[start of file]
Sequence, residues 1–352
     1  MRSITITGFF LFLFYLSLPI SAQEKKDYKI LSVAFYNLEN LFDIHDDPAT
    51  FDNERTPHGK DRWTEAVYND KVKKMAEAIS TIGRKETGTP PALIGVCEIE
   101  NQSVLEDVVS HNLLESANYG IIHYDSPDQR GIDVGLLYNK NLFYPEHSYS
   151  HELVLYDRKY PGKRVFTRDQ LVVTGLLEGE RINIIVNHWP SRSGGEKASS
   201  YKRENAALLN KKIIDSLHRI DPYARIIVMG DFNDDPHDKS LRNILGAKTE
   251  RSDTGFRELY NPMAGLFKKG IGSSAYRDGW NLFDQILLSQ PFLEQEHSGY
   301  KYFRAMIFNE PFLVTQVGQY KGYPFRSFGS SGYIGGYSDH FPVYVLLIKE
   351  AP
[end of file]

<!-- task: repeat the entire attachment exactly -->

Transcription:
Sequence, residues 1–352
     1  MRSITITGFF LFLFYLSLPI SAQEKKDYKI LSVAFYNLEN LFDIHDDPAT
    51  FDNERTPHGK DRWTEAVYND KVKKMAEAIS TIGRKETGTP PALIGVCEIE
   101  NQSVLEDVVS HNLLESANYG IIHYDSPDQR GIDVGLLYNK NLFYPEHSYS
   151  HELVLYDRKY PGKRVFTRDQ LVVTGLLEGE RINIIVNHWP SRSGGEKASS
   201  YKRENAALLN KKIIDSLHRI DPYARIIVMG DFNDDPHDKS LRNILGAKTE
   251  RSDTGFRELY NPMAGLFKKG IGSSAYRDGW NLFDQILLSQ PFLEQEHSGY
   301  KYFRAMIFNE PFLVTQVGQY KGYPFRSFGS SGYIGGYSDH FPVYVLLIKE
   351  AP